This study examined the effects of aging, planning, and interruption on complex prospective memory (PM) using a 2 × 2 × 2 between-subjects design. Participants were 80 younger adults (65 females) aged 18-33 years and 80 older adults (70 females) aged 60-75 years. They were randomly allocated to four conditions (viz., no interruption and no planning, interruption but no planning, planning but no interruption, and both planning and interruption) and asked to undertake three PM tasks (time-, event-, and activity-based) while performing an ongoing task (viz., recipe checking and identification) in a simulated home environment. Younger adults were found to perform significantly better than older adults on time- and event-based PM. The opportunity to plan for five minutes was found to improve performances on all three types of PM. Unexpected, external interruptions, on the other hand, were found to reduce performance for time-based PM. Interestingly, planning was found to significantly improve the performance of older adults on time-based PM and to a level similar to that of younger adults. Results of the study have clarified the independent and interactive effects of the three variables on PM and have implications for understanding and enhancing this type of memory. © 2013 Taylor & Francis.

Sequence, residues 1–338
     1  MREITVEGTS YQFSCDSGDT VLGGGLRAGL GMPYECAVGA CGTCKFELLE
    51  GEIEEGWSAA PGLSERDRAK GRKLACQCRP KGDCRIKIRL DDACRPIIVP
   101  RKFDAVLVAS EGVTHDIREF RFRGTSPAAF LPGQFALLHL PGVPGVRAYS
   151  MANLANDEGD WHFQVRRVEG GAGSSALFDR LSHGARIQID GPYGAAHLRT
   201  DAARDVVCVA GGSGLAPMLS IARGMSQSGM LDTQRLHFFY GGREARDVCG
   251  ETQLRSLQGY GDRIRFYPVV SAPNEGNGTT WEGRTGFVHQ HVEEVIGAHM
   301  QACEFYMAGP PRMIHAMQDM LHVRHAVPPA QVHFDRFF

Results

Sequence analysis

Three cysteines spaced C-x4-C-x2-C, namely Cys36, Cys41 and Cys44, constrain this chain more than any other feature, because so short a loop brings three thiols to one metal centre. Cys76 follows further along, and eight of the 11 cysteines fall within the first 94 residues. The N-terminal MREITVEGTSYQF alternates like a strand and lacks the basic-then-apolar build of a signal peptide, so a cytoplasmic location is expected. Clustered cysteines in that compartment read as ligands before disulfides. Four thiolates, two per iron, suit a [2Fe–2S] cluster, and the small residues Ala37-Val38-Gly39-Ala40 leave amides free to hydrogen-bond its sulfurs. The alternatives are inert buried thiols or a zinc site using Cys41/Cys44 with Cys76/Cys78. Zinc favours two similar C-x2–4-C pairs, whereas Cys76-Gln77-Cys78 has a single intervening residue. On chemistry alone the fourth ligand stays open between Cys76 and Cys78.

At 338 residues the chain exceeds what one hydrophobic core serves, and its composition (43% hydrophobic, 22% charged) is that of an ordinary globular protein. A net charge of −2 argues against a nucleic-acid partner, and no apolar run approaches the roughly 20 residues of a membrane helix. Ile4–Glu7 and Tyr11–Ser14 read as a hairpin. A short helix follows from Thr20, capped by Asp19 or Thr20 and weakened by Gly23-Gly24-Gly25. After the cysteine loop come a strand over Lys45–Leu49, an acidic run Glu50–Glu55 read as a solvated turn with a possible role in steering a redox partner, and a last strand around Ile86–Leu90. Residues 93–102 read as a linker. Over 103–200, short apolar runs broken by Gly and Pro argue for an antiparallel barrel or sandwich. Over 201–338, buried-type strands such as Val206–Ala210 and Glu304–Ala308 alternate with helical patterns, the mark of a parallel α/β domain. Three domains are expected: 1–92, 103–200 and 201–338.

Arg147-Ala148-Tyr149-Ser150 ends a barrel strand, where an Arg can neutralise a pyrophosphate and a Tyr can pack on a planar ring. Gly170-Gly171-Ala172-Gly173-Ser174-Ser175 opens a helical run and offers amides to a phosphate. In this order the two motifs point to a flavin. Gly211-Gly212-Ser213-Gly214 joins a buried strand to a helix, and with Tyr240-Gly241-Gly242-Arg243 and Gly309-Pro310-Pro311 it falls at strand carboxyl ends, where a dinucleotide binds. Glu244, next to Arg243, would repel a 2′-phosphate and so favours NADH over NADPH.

- Prospective memory
ASJC Scopus subject areas
- Neuropsychology and Physiological Psychology
- Arts and Humanities (miscellaneous)
- Applied Psychology